Positive externalities: Market undersupplies the amount of sport, social benefits of consumption exceed those of individual, or the social costs of production are less than the private costs of production. For instance: successful sports team raises the morale of fans and club members, increasing their productivity.

4. Public goods

Public goods are both non-rival and non-exclusive. This makes it a market failure/imperfection. Non-rival means that resources are not totally scarce, for instance a stadium may be only half full, which means that if one more fan came to the match, the cost of providing the match would still be the same: MC = 0. Non-exclusive means that customers cannot be prevented from consuming the good.

5. Imperfect information

Imperfect information consists of different aspects:

  • Information asymmetry: one person has more information than others, which can lead to moral hazard problems.

  • Adverse selection (screening)

  • Incapability to optimize (tournaments, contract design)

Limitations to policy maker intervention

There are two main limitations: (1) The Coase theorem and (2) government failure.

Coase theorem: When an externality affects few parties and if property rights are well-specified, economics efficiency can arise from the market through bargaining. Thus, gains from trade by internalizing the externality force a solution through the emergence of market trade.

Government failure consist of:

  • Limited flexibility of the government

  • Regulatory capture: Policy makers begin to pursue their own interests instead of those of the society

  • Taxes and subsidies distort resource allocation and may impose their own externalities on society.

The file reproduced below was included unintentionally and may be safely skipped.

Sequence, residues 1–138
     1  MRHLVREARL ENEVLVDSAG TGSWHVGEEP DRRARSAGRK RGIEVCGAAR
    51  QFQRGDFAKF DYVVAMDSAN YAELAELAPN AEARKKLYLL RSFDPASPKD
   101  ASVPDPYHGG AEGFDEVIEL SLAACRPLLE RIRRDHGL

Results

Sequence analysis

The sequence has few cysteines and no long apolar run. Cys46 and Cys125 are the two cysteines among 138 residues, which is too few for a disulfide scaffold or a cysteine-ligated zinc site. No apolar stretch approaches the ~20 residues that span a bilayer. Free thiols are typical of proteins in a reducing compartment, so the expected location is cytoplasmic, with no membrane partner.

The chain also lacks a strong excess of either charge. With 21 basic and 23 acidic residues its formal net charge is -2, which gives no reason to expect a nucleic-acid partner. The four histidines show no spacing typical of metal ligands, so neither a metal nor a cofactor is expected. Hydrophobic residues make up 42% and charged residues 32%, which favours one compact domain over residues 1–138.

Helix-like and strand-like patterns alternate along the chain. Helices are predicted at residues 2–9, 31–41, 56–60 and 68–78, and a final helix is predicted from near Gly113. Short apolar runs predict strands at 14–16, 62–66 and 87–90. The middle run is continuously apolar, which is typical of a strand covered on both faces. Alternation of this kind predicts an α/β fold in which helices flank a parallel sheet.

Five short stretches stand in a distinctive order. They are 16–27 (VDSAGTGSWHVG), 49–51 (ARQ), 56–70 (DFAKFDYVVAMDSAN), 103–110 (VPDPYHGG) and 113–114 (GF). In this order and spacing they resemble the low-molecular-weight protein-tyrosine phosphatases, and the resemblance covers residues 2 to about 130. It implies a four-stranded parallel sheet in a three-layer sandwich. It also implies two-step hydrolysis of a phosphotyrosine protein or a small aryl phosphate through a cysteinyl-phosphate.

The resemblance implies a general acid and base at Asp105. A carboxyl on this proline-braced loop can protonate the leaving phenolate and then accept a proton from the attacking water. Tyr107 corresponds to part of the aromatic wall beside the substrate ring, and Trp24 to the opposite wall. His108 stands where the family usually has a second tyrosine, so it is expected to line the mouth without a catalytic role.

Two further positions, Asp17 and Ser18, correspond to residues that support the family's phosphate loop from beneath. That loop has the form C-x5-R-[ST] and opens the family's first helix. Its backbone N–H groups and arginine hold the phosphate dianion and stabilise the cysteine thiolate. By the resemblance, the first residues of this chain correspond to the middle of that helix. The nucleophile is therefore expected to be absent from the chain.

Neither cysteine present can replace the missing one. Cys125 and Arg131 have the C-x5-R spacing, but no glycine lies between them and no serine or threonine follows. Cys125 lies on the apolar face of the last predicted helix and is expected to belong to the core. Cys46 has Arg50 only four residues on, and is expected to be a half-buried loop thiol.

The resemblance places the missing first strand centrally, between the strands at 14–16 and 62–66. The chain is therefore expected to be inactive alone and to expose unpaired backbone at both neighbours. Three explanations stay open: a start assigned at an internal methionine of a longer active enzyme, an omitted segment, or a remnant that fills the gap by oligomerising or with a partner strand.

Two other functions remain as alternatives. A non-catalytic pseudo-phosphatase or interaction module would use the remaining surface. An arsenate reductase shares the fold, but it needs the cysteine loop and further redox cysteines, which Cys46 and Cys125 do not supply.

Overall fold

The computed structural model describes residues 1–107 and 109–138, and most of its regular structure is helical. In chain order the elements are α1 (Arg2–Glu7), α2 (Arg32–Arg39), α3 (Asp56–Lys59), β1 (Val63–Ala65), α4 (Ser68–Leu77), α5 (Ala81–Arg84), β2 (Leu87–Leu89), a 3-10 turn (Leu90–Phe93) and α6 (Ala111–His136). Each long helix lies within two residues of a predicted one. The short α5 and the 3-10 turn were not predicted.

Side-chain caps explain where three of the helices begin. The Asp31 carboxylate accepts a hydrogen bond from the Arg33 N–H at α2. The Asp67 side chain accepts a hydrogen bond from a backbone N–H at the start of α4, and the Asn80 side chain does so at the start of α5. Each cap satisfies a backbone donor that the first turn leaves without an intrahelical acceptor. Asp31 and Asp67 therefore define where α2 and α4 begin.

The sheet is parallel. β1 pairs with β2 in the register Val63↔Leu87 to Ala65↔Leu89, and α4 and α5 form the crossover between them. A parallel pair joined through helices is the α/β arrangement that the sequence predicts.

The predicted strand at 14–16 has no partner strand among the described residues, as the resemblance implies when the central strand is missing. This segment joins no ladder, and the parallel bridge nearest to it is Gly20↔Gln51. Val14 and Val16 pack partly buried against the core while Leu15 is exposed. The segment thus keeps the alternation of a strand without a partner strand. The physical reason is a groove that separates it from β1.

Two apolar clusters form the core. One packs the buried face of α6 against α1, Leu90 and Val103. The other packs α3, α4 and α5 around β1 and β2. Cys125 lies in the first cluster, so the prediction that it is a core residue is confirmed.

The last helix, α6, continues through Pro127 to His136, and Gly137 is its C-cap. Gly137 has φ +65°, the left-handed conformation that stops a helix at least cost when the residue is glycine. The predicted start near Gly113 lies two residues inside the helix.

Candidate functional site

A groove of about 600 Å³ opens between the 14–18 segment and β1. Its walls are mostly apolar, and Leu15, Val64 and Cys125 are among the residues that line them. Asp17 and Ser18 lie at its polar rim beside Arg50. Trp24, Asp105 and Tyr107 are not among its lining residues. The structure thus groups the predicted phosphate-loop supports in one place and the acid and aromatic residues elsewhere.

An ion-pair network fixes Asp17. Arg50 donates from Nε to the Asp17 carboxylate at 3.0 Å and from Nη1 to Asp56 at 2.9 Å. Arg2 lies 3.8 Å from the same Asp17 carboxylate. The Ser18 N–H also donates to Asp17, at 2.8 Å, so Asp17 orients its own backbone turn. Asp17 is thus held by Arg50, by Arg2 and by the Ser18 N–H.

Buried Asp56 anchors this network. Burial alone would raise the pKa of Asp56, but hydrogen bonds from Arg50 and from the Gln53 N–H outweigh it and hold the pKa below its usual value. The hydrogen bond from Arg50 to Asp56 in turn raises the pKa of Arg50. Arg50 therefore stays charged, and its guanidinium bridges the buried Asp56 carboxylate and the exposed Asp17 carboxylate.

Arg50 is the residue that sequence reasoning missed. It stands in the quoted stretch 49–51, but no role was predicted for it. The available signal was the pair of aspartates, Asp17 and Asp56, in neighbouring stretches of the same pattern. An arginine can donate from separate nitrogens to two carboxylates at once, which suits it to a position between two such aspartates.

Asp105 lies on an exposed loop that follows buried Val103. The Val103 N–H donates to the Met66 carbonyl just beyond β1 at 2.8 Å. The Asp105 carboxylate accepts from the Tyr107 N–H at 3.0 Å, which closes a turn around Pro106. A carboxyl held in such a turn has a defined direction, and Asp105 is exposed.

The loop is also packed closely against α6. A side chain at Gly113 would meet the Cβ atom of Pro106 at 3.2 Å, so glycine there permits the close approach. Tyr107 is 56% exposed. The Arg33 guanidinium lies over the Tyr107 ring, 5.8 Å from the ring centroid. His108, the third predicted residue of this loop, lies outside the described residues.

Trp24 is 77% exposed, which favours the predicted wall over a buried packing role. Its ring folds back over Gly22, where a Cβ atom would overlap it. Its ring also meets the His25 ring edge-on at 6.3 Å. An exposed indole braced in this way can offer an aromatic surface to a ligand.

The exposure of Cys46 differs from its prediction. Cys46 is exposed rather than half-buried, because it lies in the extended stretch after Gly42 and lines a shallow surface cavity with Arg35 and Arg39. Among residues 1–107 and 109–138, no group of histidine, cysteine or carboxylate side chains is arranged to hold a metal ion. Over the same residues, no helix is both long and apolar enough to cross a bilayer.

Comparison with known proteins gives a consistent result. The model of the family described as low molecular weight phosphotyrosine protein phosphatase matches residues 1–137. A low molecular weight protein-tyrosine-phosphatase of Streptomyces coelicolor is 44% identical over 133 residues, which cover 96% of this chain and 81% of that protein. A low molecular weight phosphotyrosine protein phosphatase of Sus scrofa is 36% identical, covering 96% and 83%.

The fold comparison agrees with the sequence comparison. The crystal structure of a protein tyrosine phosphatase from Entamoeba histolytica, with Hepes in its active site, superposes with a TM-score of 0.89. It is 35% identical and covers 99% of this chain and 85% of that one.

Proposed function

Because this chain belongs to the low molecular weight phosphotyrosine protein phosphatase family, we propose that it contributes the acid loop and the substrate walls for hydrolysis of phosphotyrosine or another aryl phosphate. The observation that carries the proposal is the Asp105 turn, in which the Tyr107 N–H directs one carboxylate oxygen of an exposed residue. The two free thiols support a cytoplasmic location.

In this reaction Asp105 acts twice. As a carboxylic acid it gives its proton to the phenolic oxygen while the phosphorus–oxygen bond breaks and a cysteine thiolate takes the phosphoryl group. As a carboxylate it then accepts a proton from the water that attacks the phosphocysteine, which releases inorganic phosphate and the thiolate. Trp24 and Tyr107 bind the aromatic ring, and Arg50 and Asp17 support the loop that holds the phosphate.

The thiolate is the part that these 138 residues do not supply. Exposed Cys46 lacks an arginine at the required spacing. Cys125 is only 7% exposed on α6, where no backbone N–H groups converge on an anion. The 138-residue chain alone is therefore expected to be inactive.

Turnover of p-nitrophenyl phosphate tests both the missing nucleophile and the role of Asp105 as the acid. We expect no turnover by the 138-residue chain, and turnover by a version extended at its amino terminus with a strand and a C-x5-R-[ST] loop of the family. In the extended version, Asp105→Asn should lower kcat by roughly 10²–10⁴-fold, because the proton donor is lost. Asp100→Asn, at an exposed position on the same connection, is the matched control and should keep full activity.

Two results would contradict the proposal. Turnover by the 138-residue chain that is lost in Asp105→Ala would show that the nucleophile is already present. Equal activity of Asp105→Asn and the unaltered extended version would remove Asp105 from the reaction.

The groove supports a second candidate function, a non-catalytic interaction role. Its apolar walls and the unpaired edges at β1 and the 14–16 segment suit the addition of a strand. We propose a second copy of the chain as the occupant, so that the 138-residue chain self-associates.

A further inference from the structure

Functional relationship

A specific form of functional relationship can be written as: Y = β1 + β2 X2 + β3 X3 + … + βk Xk in which Y is the dependent variable, X2, X3 and Xk are independent variables whose value an change, and β1, β2, β3 and βk are parameters with a fixed value.

Chapter B - Nature, organization and economic significance of sport

The 1992 European Sports Charter argues that: “Sport embraces much more than traditional team games and competition. Sport means all forms of physical activity which, through casual or organized participation, aim at expressing or improving physical fitness and mental well-being, forming social relationships or obtaining results in competition at all levels”. In practice, sport does not have a predetermined definition. One should always bear in mind the context in which the terms sport, recreation, leisure and physical activity are used.

Economic organization

Demand for sport creates related derived demands, for instance demand for equipment, facilities and clothing. Derived demands express how interrelated economic activity is.

Sport domains: Segment:

  1. Professional team sports Professional team sports

  2. Events Sports events

  3. Formal participation (clubs) Mass sports participation

  4. Informal participation Mass sports participation

The number of participants is the highest in informal participation and the lowest in professional team sports. Domains 1 and 2 grow out of domains 3 and 4. The sports domains together are called the sports policy body, while 1, 2 and 3 together are governing bodies.

Environmental evidence on sport environment

Sports are part of a set of interrelated markets. All of this economic activity takes place within a regulatory framework, what exists more clearly in Europe than in the US. In sports there are three main tiers to this framework: